large mass of (+) particles



Ernest Rutherford

(1906): British scientist




In 1906, Rutherford and his graduate assistants, Geiger and Marsden, conducted the
famous
Gold

Leaf Experiment
. This experiment used
alpha particles (helium atoms
with a 2+ charge), a thin gold leaf, and a fluorescent screen coated with zinc sulfide.




Why did Rutherford’s team use gold instead of aluminum or tin?





gold can be rolled very, very thin

When the beam was directed at t
he gold




foil, most of the beam passed straight through,




while much of the rest of the beam was




deflected at a slight angle.





What conclusion did Rutherford draw from this evidence?








the atom is mostly empty space


A small percentage of

the alpha particles, however, bounced back toward the
radiation source. Rutherford concluded that the + particles of the atom must
NOT be spread out evenly as Thomsen had suggested in his plum pudding
model, but instead must be concentrated at the center

of the atom. The tiny
central region of the atom was called the
nucleus
, which is Latin for
“little nut.”

Furthermore, Rutherford suggested that the electrons travel around the
positively
-
charged nucleus.





7


The

20
th

Century

Niels

Bohr

(1913): Danish physicist. Bohr modified Rutherford’s model by
suggesting that electrons can only possess certain amounts of energy. What
does this mean in terms of the location of electrons?

they can only be at certain distances from the nucleus



Bo
hr received the Nobel Prize in 1922 for his
Bohr

model
, or
planetary model.




Bohr’s work was the forerunner for the work





of many other individuals who, by the





1930’s and 1940’s, had modified Bohr’s





model into the
charge
-
cloud model,
or





q
uantum mechanical model
.


The quantum mechanical model of the atom is the currently
-
accepted model. It
falls within the field of physics called
Quantum Mechanics

which is the idea that
energy

is

quantized

=
energy has only certain allowable values; other
values
are NOT allowed

In an atom, where are the electrons, according to the quantum mechanical model?


we cannot say for sure, but the equations of Quantum Mechanics can tell us the
probability

that we will find an electron at a certain distance from the
nucleus

Summary of the Atomic Model


The atomic model has changed over time, and continues to change as we learn more.




A Closer Look at Electrons: Where are they in the Atom?


Electrons are located within
energy levels
, which range from
1 to 7
. The
higher the
energy level the electron is in…

1.
the farther the electron is from the nucleus

2.
the more energy the electron has


Within each energy level, there exist
sublevels
, which differ from each other by slight
differences in energy. In each suble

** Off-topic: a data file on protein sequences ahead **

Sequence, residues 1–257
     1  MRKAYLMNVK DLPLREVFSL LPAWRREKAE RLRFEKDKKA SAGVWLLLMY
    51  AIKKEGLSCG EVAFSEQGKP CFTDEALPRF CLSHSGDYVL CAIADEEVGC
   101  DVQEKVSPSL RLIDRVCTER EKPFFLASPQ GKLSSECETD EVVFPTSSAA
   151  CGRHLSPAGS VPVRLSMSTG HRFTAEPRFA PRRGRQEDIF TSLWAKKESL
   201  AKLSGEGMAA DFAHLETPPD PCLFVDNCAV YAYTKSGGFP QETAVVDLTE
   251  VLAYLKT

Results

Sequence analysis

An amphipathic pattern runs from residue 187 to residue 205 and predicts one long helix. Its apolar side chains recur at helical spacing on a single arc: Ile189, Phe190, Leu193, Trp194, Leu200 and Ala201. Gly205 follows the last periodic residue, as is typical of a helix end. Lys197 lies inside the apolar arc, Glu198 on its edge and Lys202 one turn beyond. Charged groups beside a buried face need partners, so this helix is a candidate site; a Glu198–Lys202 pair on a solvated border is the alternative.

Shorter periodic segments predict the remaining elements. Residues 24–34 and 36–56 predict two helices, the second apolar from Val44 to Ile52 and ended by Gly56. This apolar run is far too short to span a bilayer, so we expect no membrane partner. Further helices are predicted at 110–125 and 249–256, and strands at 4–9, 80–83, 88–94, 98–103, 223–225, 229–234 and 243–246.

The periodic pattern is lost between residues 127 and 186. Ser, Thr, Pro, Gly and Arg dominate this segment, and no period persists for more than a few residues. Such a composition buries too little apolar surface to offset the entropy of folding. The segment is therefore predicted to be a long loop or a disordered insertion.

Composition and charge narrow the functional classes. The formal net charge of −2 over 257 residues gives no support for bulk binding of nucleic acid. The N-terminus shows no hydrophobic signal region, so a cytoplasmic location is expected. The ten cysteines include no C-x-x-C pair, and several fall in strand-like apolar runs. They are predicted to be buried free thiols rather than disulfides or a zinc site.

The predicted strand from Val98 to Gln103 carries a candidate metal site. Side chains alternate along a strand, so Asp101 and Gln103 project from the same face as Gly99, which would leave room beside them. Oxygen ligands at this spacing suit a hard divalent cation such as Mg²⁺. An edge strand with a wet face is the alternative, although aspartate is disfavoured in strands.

vel there are “paths”, called orbitals, that an electron
can travel on.



orbital =
a region of an atom in which there is a high probability of finding electrons




Each orbital can hold a maximum of ____ electrons.


8



In every
s sublevel
, there is ____ orbit
al, which holds a total of ___ electrons



In every
p sublevel
, there are ____ orbitals, which hold a total of ___ electrons



In every
d sublevel
, there are ____ orbitals, which hold a total of ___ electrons



In every
f sublevel
, there are ____ orbitals, which

hold a total of ___ electrons

Let’s use an analogy to try to explain this…






























9


In what order do orbitals fill up?
low
-
energy orbitals first, then higher
-
energy orbitals

Orbitals Fill Up in
this Order

Number of this Type
of
Orbital

Total # of Electrons
in these Orbitals

1s

1

2

2s

1

2

2p

3

6

3s

1

2

3p

3

6

4s

1

2

3d

5

10

4p

3

6




This chart could go on, but let’s just give the order of the orbitals:

1s

2s

2p

3s

3p

4s

3d

4p

5s

4d

5p

6s

4f

5d

6p

7s

5f

6d

7p


Writing the Electron Configuration for an Atom



The question is:
Where are the electrons in the atom?



The format for the electron configuration is, for example:
1 s
2






1 =
the energy level






s =
the sublevel, or orbital






2 =
the
number of electrons in that sublevel

How to Write an Electron Configuration

1.
Locate the element on the periodic table.


2.
Fill the orbitals in the proper order.


3.
Check that the total number of electrons you have equals the atomic number for
that element.

Examples
: Write the electron configurations for the following elements.


carbon (C)


lithium (Li)


sodium (Na)


chlorine (Cl)


potassium (K)


10


iron (Fe)

Using S
horthand Notation for the Electron Configuration

Put the noble gas that precedes the element in brackets, then continue filling the
rest of the orbitals in order, as usual.




Examples
:

sodium (Na)







chlorine (Cl)







potassium (K)







iron (Fe)


The Significance of the Electrons Configurations


Isotopes


Interestingly enough, NOT all atoms of an element are exactly the same in every respect.
Chemically, all atoms of an element react exac
tly the same. All atoms of an element
have a particular number of protons. What could be
different

about 2 or more atoms of
the same element?